View of Puget Sound, Olympics, and ferries
Offleash dog park
The south side of Edmonds Marina at the end of Admiral Way
Marina Beach Park in Edmonds is the southernmost park in a string of six parks in the downtown area that I will be covering. Each will get its own preview.
The four beach parks (Marina Beach, Olympic Beach, Brackett’s South, and Brackett’s Landing) are all marine sanctuaries. This means that dogs are not allowed (except in the offleash area described below). It also means that marine life should only be observed, not disturbed, and never fed. And while this is true of most public land, it’s especially important in a sanctuary that you never remove anything, including rocks, shells, and driftwood. This may take some extra explaining if you have a child who just found the perfect shell and wants to take it home.
The beach parks are all linked by the Edmonds Marine Walkway, a (mostly) paved pedestrian path that stretches for almost a mile from Marina Beach Park all the way north to Brackett’s Landing on the other side of the ferry terminal. Leashed dogs are okay on the walkway.
The fifth park is the Edmonds Marsh, located east of Marina Beach. It’s one of the few remaining undeveloped urban estuaries left in the Puget Sound region and is now a 22 acre preserve.
The sixth park is a narrow strip along Sunset Avenue. It’s located on a low bluff above the train tracks a few blocks northeast of Brackett’s Landing.
Geography and special features make each park distinct and each provides a different experience, despite their close proximity. These parks are definitely worth going out of your way to visit. You can choose to spend most of a day at the Edmonds waterfront seeing them all, or pick your flavor and settle in for a longer stay at one of them.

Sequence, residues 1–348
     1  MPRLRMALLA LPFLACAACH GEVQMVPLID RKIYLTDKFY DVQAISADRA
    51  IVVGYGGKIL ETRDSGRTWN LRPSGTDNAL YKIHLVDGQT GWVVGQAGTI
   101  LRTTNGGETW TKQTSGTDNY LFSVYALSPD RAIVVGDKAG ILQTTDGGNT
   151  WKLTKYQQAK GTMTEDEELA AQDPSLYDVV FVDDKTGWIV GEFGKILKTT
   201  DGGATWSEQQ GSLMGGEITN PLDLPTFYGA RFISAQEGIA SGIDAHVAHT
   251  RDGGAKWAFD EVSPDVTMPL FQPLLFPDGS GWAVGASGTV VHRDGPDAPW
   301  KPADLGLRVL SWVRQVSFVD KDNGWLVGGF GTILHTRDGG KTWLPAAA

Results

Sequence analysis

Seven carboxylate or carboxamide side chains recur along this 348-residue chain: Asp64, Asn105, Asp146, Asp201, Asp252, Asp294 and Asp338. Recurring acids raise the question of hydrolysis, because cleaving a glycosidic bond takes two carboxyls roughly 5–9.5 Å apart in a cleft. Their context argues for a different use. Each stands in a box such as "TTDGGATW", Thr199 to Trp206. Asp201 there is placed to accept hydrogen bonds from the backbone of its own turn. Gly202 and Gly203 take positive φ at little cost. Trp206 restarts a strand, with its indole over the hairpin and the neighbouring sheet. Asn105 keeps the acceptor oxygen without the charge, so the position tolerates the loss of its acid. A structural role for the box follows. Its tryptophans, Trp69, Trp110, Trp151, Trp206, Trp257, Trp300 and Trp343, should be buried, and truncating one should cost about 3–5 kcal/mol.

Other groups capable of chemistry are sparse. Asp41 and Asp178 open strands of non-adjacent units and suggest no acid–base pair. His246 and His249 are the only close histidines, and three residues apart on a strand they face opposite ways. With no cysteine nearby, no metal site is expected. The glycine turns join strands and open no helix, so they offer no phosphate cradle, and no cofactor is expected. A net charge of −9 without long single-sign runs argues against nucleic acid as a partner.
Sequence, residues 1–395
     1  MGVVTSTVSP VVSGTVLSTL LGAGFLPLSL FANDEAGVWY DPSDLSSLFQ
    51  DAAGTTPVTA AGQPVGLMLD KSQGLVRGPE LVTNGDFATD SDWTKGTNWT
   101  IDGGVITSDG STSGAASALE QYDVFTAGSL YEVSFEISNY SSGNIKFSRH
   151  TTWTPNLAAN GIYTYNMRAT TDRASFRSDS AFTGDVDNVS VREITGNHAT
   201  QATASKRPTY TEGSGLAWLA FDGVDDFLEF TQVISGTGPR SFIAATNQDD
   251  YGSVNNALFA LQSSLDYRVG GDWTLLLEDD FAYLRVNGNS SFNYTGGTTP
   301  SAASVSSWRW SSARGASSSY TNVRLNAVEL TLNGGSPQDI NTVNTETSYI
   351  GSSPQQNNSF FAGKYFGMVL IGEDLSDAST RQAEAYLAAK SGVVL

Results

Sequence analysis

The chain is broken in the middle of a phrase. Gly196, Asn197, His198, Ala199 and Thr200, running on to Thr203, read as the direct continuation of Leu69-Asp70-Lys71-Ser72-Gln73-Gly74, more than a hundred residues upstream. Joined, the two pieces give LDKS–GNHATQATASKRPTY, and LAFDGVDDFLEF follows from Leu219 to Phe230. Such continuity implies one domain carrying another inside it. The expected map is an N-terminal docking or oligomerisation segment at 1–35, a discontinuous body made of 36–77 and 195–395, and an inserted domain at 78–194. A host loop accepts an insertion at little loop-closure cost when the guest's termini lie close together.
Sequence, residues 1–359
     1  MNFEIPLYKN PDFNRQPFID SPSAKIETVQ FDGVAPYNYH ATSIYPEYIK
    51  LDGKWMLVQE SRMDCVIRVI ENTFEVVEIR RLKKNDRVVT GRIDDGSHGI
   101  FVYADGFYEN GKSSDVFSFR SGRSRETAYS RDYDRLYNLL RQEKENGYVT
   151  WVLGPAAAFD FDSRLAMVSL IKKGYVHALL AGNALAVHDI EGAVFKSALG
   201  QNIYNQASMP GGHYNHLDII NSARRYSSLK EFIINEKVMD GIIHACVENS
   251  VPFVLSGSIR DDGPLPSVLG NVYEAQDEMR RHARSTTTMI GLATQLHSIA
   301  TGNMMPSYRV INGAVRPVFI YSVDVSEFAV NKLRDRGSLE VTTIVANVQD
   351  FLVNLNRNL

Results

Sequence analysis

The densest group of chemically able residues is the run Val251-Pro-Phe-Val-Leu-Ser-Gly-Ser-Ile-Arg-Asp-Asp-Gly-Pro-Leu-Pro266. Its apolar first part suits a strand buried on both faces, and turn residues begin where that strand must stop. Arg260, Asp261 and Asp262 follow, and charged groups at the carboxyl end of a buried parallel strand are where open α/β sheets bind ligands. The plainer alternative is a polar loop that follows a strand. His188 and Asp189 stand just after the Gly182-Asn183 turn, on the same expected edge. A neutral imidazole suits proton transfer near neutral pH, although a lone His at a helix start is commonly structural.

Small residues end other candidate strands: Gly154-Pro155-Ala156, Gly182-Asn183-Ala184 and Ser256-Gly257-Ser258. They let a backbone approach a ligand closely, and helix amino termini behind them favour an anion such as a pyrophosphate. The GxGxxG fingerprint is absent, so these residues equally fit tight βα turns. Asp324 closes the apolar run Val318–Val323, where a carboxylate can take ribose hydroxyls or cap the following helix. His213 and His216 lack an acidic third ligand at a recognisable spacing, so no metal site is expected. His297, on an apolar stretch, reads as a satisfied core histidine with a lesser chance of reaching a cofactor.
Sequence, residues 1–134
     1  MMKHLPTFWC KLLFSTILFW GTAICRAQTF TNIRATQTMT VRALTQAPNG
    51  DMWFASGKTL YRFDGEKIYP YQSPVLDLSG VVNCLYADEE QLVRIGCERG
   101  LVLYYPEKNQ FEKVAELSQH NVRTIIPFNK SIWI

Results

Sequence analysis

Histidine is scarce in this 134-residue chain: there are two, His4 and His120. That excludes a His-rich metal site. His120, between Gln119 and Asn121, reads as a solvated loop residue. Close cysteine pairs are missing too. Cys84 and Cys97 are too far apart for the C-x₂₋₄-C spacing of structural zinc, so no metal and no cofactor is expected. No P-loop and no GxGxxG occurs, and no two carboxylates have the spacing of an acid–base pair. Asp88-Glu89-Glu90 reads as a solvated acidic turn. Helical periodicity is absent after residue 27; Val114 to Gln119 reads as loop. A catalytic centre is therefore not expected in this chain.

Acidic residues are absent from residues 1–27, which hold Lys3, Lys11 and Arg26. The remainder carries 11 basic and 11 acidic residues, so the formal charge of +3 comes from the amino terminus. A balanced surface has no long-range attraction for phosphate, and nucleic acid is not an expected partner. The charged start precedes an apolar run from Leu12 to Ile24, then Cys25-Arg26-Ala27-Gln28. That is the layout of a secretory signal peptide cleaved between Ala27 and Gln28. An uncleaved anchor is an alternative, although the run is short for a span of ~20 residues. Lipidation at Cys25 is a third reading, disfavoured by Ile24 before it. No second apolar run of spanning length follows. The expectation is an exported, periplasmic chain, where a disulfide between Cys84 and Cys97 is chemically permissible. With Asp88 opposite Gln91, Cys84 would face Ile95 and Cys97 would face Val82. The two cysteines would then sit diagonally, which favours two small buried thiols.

If you want to combine a park outing with a delicious meal there are three view restaurants to choose from at the Port of Edmonds. Closest to Marina Beach is Anthony’s HomePort, along with the more casual Beach Cafe. At the north end of the marina (right next to Olympic Beach) is Arnies. All three have their own parking lots and specialize in seafood.
Another fun outing option is to combine a trip to the beach with a ferry ride. The Puget Sound crossing from Edmonds to Kingston takes about half an hour. You can disembark and wander around on the other side before catching a later ride back or just remain on the same boat for the return trip. As of this writing the roundtrip foot passenger fee is $8.20, with a 50% discount for youth ages 6-18, seniors 65+, and disabled.
Not too bad for an hour of scenic cruising and potential wildlife viewing. Bring a camera with a zoom lens or binoculars if you have them. I’ve seen harbor porpoises near Kingston. It’s also possible to see otters, seals, and very occasionally whales, in addition to a variety of birds. Just be sure to dress appropriately because the ferry decks can be chilly even in summer.